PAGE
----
In theory, all of these concerns sound like good reasons to make sure that students don’t end up overburdening themselves with work outside of their teaching and dissertation. But in practice, such restrictions increasingly do not serve a useful function for graduate students or graduate departments. They no longer match the reality that many graduate students face either professionally or financially. (Larson)
🤔 It will be interesting to see when I enter graduate school if my program will allow me to hold outside work while completing my studies. I will definitely prefer to take an assistantship or educational job if one comes around, though with the growing popularity of the times in online master’s programs available as a valid option to students for their degrees, is educational graduate on-campus work a realistic proposition when enrolled in an online master’s program? The meat of Larson’s article supports great reasons to not try and look for outside work if we, as students, can help it. Personally, while I try to accept that I may need to work outside the teaching realm while in school, I shut down and become rather disturbed thinking to try and formulate myself a plan b with the scenarios that my graduate studies will not land me a teaching job or professorship. There is always that reality that the degree will not provide the desired work, and, moreover, I know this to be true from some of my time in non-educational employment as an undergraduate student. I will cross that bridge when – and if – it happens, using the best resources I have at that time. It’s a true statement that we don’t all end up working where we want, but, hey, one can still put in the effort to get where they want, right? Not to leave on a down and sour note, but, to stay in a balanced perspective, Larson closes his article with an opinion on our supposed precarity, the state of having insecure employment or income, that “given the precarity most of us young academics face, letting people take outside jobs would give us a leg up on the ‘alternate’ careers most of us will have” (Larson).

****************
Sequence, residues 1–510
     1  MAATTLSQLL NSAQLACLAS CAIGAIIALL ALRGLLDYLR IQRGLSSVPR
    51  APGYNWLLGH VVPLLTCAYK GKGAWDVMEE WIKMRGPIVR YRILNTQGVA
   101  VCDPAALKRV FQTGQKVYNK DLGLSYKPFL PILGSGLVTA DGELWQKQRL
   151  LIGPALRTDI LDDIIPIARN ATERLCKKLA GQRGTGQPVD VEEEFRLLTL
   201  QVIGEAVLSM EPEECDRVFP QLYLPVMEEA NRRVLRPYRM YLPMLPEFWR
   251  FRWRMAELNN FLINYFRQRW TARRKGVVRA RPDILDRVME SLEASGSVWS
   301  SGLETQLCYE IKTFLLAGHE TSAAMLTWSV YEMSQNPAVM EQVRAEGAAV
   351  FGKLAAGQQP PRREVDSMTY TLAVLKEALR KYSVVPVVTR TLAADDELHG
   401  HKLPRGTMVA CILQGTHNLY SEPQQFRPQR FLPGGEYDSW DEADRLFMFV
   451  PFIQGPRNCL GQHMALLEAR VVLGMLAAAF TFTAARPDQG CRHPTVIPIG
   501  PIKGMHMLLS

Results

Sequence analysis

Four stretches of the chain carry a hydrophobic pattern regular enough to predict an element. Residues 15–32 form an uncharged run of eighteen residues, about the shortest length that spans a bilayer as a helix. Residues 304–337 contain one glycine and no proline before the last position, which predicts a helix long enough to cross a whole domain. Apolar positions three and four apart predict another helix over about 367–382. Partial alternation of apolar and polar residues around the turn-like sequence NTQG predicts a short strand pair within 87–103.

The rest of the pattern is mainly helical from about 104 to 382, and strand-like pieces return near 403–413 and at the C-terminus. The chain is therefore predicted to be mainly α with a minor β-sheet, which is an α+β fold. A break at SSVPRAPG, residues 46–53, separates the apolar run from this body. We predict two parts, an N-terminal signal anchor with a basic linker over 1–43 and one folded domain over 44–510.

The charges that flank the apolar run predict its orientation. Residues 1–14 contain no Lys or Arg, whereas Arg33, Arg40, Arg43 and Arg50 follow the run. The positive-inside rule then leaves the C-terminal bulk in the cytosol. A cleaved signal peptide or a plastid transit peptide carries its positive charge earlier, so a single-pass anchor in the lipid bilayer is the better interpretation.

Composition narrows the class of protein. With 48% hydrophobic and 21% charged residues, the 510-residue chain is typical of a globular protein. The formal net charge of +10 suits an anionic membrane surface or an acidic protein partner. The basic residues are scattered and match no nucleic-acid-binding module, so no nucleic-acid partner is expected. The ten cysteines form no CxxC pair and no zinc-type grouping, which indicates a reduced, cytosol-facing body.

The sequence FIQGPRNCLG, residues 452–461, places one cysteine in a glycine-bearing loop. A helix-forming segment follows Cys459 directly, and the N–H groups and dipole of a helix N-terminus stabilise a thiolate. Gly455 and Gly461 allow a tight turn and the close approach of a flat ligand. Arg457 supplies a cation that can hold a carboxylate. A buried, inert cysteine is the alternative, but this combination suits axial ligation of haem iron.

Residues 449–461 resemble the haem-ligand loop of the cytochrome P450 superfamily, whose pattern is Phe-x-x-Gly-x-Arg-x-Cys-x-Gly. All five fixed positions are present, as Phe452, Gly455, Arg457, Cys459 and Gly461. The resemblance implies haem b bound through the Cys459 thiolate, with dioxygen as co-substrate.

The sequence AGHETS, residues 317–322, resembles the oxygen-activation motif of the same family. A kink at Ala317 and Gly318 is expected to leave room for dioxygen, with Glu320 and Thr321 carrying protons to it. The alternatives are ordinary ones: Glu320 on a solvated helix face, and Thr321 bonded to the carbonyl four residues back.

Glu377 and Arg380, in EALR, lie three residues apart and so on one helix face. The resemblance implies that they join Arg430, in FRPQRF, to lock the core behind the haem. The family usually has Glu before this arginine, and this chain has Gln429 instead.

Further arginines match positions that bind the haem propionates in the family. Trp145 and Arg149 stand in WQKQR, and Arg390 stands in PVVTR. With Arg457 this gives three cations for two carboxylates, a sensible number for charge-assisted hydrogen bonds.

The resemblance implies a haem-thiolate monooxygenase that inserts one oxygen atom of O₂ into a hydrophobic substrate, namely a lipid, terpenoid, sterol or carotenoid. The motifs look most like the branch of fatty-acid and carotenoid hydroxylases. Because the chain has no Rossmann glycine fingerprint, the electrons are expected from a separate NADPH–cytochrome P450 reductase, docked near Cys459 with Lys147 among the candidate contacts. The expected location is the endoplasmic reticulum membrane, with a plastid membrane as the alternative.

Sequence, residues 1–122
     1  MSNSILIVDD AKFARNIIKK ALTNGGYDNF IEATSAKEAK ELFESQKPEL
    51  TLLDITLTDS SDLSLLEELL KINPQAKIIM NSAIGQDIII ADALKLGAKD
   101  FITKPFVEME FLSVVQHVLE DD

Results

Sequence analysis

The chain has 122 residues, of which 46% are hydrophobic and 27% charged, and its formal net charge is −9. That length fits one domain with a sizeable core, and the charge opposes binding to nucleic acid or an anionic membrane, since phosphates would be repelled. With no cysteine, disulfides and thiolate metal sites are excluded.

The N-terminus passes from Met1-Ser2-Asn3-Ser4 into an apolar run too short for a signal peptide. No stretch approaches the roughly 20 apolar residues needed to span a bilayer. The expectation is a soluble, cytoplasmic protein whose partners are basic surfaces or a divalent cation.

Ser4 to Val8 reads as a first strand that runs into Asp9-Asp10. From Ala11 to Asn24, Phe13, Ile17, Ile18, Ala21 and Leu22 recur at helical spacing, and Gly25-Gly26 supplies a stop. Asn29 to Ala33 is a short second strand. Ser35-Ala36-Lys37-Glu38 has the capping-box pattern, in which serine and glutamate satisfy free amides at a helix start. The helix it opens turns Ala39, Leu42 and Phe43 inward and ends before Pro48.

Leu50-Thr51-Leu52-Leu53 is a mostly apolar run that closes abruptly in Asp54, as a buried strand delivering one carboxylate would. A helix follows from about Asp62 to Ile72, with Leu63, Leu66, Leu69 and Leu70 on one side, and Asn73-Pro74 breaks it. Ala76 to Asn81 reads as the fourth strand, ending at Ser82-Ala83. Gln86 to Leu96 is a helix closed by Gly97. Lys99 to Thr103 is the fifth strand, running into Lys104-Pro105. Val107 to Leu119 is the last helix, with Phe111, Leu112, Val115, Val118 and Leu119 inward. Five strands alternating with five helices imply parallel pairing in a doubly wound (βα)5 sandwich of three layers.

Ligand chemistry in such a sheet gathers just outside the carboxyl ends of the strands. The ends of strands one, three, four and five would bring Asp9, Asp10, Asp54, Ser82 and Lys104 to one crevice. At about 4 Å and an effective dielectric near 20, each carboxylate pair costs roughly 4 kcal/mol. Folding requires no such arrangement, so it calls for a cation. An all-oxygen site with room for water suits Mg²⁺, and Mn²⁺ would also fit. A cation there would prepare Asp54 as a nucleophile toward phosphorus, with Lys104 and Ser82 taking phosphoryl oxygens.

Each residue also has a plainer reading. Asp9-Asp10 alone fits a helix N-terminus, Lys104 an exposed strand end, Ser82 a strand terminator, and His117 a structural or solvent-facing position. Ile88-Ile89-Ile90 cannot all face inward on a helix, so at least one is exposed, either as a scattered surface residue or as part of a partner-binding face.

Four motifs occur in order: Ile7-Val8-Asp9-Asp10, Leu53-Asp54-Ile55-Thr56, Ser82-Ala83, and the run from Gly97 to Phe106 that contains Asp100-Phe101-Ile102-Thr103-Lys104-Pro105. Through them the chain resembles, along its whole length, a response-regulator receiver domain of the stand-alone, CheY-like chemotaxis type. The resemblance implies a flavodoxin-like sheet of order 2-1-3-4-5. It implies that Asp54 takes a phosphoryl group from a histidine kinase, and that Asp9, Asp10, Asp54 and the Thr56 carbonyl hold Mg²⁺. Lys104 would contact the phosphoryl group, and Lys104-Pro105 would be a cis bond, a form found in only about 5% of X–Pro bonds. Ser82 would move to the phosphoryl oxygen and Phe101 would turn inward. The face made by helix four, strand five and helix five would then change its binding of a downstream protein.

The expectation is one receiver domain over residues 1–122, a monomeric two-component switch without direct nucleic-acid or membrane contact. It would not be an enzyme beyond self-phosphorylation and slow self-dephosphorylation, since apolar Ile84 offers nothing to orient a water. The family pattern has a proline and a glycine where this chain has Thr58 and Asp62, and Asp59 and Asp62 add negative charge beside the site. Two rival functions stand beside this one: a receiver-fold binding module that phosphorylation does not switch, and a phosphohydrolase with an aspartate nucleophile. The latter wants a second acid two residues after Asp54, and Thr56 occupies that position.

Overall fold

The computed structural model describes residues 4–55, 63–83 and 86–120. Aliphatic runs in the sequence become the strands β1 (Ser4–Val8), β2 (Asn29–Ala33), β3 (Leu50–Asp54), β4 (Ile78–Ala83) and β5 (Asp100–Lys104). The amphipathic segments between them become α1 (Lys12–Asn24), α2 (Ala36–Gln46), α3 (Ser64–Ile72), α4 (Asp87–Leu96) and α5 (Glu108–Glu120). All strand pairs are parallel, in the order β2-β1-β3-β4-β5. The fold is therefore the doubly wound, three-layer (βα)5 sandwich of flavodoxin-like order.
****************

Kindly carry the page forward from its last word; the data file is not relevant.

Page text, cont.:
The references from the above article were on 24 July 2019 from Inside Higher Ed at https://www.insidehighered.com/advice/2019/07/03/more-grad-students-should-be-allowed-take-jobs-outside-academe-opinion (the link opens in a new tab).
I found this video useful when overlaying a new, custom blue color onto an image of an undesired color using the “Adobe Photoshop” (the link opens in a new tab) editing program, created by “Adobe” (the link opens in a new tab) software company. The example video changes the background layer by using a color overlay feature. The video is found on “YouTube” (the link opens in a new tab), appears to be on the channel “LinkedIn Learning” (the link opens in a new tab), was published on July, 15, 2013, and is titled “Photoshop tutorial: Colorize any layer with Color Overlay | lynda.com“ (the link opens in a new tab).